People have a tendency to think about bees and pollinators in the Spring - a point in time when there is an abundance of choice for our pollinators when it comes to food. But now, as we enter the tail-end of the growing season, our attentions are being drawn elsewhere. Even those of us that care about cultivating flowering plants are tempted to move on. The idea of cleaning up flower beds and gardens is more on our minds than encouraging more blooms.
But, if we all do that - what do our pollinators do for sustenance? Not just now - but for the rest of the year until Spring busts out all over again?
Asters to the Rescue
I put myself together to collect eggs yesterday afternoon, stepped out the door and noticed a small reddish pink aster plant we let do its thing in a neglected corner of our lawn by the house. Then, I looked at the purple aster in the weedy perennial bed nearby. And, I observed all of the Thousand-flower Aster that have volunteered in places we have not kept up with. In fact, those little white flowers are often part of the reason we decide to let those areas go in the late summer. In fact, we let the area around our mailbox go when we saw how many of these plants were there this year.
I suspect the mail carriers may not be the biggest fans of this - though they said nothing about it when I was outside taking pictures as they drove up. They probably wondered what kind of an oddball I was to be outside taking close-up pictures of little, white flowers. But, that (as they say) is another story.
This year has been much, MUCH drier than the past five or so years, so it has been friendlier to many of our aster plants. In fact, none of the perennials we planted some years ago are still in their original place (though I suspect some of their progeny are what populate our grounds now). We got that nice soaking rain in early September and that was all these plants needed to give us a glorious bloom.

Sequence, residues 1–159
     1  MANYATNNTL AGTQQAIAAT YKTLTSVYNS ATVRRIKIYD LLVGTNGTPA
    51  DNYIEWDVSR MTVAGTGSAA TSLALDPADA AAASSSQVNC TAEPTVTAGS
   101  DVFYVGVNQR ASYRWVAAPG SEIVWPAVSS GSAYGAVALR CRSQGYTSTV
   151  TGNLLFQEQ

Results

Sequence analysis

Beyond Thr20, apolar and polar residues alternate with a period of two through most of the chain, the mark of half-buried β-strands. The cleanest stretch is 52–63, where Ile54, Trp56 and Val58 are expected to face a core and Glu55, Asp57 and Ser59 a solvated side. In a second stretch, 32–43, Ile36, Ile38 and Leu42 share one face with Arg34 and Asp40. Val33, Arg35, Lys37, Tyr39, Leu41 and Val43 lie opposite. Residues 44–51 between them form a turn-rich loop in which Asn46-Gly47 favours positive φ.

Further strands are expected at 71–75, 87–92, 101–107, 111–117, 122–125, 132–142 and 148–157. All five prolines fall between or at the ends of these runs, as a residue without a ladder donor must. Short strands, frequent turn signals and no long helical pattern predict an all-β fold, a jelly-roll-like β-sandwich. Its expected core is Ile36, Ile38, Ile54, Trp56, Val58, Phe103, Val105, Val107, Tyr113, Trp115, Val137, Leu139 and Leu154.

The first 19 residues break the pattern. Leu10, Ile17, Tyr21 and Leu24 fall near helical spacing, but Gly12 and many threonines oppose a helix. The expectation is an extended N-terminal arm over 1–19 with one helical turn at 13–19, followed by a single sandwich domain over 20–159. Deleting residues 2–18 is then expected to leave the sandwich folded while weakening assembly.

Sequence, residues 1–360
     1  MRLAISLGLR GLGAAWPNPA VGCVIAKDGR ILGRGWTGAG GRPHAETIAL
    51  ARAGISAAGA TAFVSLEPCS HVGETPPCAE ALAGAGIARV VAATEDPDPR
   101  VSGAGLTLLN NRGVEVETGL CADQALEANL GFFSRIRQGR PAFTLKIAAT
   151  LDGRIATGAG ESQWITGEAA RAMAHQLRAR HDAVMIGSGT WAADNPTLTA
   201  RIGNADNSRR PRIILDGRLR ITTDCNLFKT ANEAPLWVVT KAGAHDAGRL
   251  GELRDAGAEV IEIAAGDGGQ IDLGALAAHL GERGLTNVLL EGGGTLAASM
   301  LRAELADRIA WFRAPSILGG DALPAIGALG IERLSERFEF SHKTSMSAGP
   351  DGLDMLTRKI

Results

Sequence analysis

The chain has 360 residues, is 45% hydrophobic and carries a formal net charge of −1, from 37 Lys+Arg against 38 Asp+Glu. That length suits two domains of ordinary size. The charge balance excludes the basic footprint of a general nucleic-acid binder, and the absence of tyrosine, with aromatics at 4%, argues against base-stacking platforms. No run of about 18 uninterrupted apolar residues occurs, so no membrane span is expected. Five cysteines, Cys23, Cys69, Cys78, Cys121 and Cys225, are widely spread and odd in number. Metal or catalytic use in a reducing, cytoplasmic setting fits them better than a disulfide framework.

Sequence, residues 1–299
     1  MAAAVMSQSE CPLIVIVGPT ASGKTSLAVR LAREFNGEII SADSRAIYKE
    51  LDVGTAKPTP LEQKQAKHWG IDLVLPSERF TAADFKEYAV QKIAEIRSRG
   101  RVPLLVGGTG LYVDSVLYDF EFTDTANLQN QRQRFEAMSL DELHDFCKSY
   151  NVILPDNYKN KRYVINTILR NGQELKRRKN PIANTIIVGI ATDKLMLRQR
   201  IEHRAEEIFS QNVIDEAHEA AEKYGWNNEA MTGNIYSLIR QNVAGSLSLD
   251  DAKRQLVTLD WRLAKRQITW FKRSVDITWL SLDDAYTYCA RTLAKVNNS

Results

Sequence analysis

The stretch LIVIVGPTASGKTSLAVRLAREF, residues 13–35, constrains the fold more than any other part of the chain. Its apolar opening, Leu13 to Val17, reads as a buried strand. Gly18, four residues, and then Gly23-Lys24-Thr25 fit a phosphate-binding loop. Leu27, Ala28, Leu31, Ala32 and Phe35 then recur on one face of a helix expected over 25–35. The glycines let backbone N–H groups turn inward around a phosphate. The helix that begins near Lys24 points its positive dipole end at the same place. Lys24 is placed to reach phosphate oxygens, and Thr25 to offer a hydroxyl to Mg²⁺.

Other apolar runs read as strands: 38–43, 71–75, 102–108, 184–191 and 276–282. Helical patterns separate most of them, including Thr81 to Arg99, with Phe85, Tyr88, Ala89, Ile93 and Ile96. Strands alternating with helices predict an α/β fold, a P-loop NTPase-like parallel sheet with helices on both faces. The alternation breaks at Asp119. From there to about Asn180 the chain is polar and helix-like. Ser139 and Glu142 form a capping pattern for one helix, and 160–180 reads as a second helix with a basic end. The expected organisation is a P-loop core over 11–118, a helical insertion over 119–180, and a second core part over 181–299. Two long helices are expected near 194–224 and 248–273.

Sometimes letting go works best
Tammy and I would, ideally, love to have some cleaned up perennial beds right now. We tire of the plantings that have been overrun by grasses and other, even less desirable (to us) plants. We really would like to have a few places on the farm where we can just enjoy the beautiful flowers and plants (and hopefully some bees and pollinators). After all, we are aware that you can have a planting that looks good AND is friendly to those critters.
But, sometimes, the best answer is to let it go.
You see, the pollinators don't see the world the same way we do. What looks like a tangled mess to us is a beautiful buffet to some of them. It's a place that our bumbling human feet and bodies don't go to trample them as they do what they do.
We also need to remember that pollinators come in all shapes and sizes. They don't need the big, easy to see blooms that humans might prefer to see in their gardens. Sometimes, they just want a bunch of little white flowers. White flowers on a plant that we all think is a weed.
I guess it makes sense that we might think it is a weed because they have pretty aggressive root systems, crowding out the competition. If you have some cultivated plants in your flower bed, you might not be as happy to see them as we are when we see them in the ditch or in our ditches by the high tunnel.
But the pollinators? They love those plants.
So, we love them too.